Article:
Issue 26 / 21 July 2014

AS Family Doctor Week begins, a story recounted by British GP Jonathon Tomlinson on his blog site, A better NHS, will ring true for many Australian GPs.

Tomlinson describes a consultation in which one 10-minute appointment has to stretch to accommodate three people because a scheduled patient turns up with her two daughters in tow. The situation is complicated by the family’s psychosocial problems and differing cultural expectations, while both doctor and patient harbor anxieties about diagnostic acuity and management planning. The odds seem stacked against an evidence-based antimicrobial prescribing decision.

Somehow, despite the angst, this particular consultation ends harmoniously and in line with best practice guidelines. It could easily have been otherwise. While the ideal of evidence-based medicine is that “the integration of individual clinical expertise with the best available external evidence and the patient’s values and expectations” will lead to decisions that are clearly in line with the best evidence, in reality, other factors can weigh heavily.

In this week’s MJA InSight we’re exploring situations in medicine and medical practice where the reality falls short of that considered ideal.

The authors of a “Perspective” article, published in the MJA, describe how the flow of Australia’s medical workforce has, for decades, been like a tap turned on and off by successive governments causing “boom‒bust cycles” of home grown doctors. Ideally the current torrent of new graduates should be able to flow freely to the areas and disciplines in which they are needed but reality looks more like a training logjam.

The authors raise the idea of encouraging young doctors to undertake generalist training rather than subspecialising, to increase flexibility in times of shortage or surplus. It’s a good idea according to those we interviewed for our first news story, but whether it can happen under the prevailing system for allocation of hospital training positions is another story.

An expert commenting for our second news story describes our residential aged care facilities as a “melting pot of everything that leads to poor antimicrobial stewardship”. The existence of this problem is well known but a qualitative study published in the MJA has now elucidated some of the workplace factors for nurses, doctors and pharmacists that lead to suboptimal prescribing decisions and a culture of misuse.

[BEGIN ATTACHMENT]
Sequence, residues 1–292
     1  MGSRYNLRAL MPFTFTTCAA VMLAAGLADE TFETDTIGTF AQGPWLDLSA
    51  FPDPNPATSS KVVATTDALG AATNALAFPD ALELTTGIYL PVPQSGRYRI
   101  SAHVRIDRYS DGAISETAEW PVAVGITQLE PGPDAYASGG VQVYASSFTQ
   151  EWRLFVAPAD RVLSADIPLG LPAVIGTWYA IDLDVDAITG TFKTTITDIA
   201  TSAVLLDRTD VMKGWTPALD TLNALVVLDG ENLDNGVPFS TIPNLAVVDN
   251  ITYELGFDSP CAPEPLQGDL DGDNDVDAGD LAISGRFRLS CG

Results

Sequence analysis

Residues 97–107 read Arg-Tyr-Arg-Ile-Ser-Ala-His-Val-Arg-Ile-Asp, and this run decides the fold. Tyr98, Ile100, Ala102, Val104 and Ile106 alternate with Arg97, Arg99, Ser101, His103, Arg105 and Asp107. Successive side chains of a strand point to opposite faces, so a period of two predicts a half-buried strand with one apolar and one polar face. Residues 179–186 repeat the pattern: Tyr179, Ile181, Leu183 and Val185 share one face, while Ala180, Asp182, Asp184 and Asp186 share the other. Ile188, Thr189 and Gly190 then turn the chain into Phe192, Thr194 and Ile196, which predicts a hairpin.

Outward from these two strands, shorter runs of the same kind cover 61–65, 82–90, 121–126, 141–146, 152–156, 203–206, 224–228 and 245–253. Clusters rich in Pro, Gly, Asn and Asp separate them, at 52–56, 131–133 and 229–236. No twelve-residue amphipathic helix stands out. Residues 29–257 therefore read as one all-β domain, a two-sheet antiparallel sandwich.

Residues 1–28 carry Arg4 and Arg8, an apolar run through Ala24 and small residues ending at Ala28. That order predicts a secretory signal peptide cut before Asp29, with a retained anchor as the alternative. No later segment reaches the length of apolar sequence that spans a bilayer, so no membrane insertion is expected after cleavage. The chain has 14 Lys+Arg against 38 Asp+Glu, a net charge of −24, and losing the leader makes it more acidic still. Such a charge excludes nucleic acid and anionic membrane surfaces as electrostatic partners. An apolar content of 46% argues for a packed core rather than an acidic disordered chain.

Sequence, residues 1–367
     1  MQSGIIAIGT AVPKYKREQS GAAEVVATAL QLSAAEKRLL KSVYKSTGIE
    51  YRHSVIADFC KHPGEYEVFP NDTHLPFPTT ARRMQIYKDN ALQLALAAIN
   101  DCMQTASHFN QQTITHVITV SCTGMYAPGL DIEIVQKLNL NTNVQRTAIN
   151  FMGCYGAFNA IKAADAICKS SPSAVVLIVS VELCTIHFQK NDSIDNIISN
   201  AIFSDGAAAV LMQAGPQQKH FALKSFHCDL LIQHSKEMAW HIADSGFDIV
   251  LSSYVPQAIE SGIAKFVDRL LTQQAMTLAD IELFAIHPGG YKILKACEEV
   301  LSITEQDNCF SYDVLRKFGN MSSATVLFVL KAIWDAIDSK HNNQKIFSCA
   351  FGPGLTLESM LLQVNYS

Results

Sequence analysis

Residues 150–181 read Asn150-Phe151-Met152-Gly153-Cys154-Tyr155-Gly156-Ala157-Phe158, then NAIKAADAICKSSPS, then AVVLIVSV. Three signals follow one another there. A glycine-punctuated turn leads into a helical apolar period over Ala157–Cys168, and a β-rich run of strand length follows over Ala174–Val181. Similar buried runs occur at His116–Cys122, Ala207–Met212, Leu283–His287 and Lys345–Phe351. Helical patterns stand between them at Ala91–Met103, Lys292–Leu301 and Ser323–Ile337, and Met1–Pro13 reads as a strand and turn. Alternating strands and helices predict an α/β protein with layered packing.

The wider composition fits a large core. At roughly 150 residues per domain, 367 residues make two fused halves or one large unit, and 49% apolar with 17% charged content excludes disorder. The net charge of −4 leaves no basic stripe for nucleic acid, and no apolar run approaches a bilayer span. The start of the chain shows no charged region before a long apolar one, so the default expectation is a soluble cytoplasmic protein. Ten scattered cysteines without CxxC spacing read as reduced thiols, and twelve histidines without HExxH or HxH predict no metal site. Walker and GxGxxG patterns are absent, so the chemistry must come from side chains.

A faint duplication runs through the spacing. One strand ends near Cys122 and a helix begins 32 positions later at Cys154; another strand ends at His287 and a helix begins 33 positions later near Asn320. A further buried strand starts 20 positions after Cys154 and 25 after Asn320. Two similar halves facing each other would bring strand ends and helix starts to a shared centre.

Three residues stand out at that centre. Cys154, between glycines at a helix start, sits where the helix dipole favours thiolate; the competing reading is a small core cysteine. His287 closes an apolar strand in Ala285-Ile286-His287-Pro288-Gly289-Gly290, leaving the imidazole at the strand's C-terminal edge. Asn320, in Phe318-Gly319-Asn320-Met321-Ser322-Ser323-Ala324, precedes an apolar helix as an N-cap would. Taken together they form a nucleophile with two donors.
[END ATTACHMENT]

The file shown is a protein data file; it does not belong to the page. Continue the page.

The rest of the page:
Another MJA study using general practice data from the Australian Sentinel Practices Research Network has revealed that, in 2012, influenza vaccination was only “modestly protective” overall in the group studied. The experts we contacted for our third news story agreed that the vaccine effectiveness in this study and elsewhere in 2012 was lower than the 70%‒90% claimed by the WHO, but urged GPs to continue vaccinating their patients while the many impediments to more effective vaccine development are exposed, discussed, researched and overcome.

Australia’s transition to e-health has also been less than ideal. In a comment this week, GP Andrew Knight, says uptake of the My eHealth Record by health professionals is “well below targets and has plateaued”.

He is not alone in thinking that the task of readying general practices for e-health is huge, and will require tremendous support. MJA Editor-in-Chief Professor Stephen Leeder has recently put forward the idea that e-health in Australia requires a stepwise, rather than an “all-in” approach — building to, rather than starting from, the ideal situation of each person having their own health record.

Thinking back to Tomlinson and his fragile patient who ended up happily leaving the consultation without an antibiotic prescription it’s worth asking what went right to produce this seemingly ideal outcome.

In another comment this week, GP James Best describes the development of his therapeutic relationship with a long-term patient

“I was like one of his old wharfie mates who had been through previous battles with him. I had his trust, his hard earned respect — in medicine, if not in chess”.

As we strive towards ideal outcomes it’s worth remembering that sometimes achieving them is a matter of putting in the “hard yards” but, as Best also says, it’s a precious gift when you get it.

 

Dr Ruth Armstrong is the medical editor of MJA InSight. Find her on Twitter: @DrRuthInSight

 

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